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  • Provenance

    From the Collection of Irene Codreanu, a sculptor and student of Brancusi
    Ubu Gallery, New York

  • Literature

    Agrinde Publications Ltd., Brancusi Photographer, pl. 77
    Cahiers d'Art, 1927, n.p.
    Der Querschnitt, 1923, p. 117
    The Art Bulletin, 1964, n.p.

  • Catalogue Essay

    As a former protégé of Auguste Rodin and a master sculptor in his own right, Constantin Brancusi believed that only his eye could best capture his sculptures. Working out of his studio at 8, impasse Rosin in Paris, Brancusi began photographing his sculptures as early as 1905, experimenting with different sizes and typically making at least 2 prints from each negative. His intention was creaing "printed memory" of his work, as he termed it. After befriending Man Ray in the early 1920s, Brancusi devoted a great deal to photography, setting up a dark room in his studio and turning his bath tub into a washbasin for developing his films. The marble sculpture in the current lot represents a true work-in-progress for the artist, as, after being reworked, it transformed into one of his most iconic and notorious sculptures, Princess X, 1916.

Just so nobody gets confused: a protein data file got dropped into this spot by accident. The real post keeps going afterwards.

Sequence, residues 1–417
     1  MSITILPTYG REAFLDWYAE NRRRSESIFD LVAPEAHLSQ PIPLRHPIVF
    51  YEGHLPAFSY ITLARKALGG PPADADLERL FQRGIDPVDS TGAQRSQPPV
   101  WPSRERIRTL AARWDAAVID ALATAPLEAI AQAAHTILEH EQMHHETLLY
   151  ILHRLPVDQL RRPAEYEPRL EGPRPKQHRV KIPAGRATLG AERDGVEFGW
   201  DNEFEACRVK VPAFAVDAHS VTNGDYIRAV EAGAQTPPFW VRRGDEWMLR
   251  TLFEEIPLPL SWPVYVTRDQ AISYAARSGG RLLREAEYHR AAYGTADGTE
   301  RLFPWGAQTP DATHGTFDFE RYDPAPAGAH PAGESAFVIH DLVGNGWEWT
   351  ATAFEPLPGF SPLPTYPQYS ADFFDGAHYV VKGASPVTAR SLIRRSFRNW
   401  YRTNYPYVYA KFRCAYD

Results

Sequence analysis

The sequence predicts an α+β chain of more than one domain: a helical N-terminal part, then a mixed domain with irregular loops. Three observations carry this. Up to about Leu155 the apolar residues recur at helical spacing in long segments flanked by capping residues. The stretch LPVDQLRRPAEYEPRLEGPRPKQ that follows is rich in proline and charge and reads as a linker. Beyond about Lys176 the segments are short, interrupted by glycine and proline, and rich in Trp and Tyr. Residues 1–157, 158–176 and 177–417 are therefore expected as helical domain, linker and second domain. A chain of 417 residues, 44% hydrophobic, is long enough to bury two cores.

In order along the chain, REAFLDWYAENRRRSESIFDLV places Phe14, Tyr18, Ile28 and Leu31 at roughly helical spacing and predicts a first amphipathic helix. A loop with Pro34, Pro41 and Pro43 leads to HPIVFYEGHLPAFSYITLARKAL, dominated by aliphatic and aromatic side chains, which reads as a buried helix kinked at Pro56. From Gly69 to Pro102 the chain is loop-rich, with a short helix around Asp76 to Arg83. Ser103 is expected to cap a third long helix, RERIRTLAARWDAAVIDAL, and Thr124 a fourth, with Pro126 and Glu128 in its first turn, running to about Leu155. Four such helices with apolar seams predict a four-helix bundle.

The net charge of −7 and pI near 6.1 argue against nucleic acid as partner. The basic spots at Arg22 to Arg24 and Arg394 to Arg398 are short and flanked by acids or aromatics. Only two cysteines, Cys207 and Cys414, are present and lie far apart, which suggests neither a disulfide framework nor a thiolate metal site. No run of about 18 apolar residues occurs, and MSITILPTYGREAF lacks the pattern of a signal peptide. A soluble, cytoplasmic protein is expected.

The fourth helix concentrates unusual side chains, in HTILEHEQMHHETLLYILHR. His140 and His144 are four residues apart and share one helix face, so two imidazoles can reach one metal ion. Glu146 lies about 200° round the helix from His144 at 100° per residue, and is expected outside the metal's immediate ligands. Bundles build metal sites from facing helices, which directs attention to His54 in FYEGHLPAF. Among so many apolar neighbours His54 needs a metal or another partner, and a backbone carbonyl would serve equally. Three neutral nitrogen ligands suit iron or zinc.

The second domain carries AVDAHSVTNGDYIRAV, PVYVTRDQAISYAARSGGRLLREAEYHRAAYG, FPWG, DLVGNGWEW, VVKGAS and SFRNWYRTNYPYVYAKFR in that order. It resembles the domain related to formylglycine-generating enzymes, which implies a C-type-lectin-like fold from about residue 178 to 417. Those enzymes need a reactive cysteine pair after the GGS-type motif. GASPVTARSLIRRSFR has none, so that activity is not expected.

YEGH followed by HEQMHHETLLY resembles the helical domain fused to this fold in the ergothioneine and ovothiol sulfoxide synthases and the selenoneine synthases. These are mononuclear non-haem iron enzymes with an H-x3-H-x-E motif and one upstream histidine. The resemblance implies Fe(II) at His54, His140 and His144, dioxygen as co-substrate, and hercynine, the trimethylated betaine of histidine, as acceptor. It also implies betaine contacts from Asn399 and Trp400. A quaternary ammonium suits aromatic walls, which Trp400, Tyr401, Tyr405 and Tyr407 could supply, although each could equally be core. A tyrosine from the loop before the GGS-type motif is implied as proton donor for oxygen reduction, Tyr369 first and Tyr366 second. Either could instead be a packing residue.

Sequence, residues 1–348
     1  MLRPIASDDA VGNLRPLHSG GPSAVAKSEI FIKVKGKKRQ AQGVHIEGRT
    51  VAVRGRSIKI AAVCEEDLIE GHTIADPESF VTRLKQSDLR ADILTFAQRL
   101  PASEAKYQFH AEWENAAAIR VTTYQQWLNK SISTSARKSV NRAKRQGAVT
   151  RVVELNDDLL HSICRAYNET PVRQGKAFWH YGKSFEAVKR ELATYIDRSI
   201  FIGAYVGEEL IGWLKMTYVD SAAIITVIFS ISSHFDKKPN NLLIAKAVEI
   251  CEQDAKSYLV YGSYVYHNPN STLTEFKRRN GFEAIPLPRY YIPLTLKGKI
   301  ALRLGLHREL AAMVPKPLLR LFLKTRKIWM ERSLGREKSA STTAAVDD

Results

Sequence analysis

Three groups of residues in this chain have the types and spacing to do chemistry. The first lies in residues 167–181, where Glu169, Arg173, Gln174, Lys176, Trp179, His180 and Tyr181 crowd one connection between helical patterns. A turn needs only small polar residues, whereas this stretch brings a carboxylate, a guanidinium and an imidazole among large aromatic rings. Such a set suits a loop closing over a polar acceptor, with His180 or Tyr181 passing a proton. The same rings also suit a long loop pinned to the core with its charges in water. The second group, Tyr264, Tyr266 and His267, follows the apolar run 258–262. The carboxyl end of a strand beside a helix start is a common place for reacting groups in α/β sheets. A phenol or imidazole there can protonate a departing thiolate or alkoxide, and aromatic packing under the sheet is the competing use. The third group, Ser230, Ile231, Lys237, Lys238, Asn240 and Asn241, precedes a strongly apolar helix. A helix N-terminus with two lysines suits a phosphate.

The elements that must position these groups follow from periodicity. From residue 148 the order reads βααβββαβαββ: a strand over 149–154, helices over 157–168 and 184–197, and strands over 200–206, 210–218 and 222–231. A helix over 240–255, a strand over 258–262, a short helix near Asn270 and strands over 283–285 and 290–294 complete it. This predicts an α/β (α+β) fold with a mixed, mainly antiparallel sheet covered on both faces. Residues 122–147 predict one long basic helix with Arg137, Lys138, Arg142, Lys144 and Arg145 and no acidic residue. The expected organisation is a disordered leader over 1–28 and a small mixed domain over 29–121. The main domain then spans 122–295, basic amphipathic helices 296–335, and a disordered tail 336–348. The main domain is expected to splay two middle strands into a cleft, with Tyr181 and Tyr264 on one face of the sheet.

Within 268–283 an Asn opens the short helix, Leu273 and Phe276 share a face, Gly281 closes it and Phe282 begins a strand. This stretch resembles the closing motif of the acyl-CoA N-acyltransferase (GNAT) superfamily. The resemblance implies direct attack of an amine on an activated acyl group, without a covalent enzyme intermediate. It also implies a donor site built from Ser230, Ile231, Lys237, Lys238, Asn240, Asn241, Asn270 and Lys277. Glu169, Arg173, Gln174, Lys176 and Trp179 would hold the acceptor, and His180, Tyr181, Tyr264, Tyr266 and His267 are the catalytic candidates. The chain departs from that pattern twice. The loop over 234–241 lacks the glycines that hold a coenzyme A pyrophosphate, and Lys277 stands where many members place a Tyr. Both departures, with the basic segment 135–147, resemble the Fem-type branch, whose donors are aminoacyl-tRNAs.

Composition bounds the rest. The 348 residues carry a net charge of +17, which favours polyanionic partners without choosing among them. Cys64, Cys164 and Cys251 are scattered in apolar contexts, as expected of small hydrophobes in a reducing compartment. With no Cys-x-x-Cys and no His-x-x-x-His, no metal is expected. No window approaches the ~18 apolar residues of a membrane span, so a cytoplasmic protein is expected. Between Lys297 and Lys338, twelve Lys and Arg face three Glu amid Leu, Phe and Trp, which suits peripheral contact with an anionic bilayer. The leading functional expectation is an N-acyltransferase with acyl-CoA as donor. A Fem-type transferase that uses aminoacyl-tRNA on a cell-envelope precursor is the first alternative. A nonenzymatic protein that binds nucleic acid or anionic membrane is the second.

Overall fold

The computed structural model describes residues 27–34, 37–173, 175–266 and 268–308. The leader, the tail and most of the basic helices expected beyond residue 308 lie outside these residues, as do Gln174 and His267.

36

Femme se regardant dans un miroir

1909
Gelatin silver print, printed 1920s.
11 3/4 x 9 3/8 in. (29.8 x 23.8 cm)

Estimate
$15,000 - 20,000 

Sold for $43,750

Contact Specialist
Vanessa Kramer Hallett
Worldwide Head of Photographs
[email protected]
+ 1 212 940 1245

Photographs

4 April 2012
New York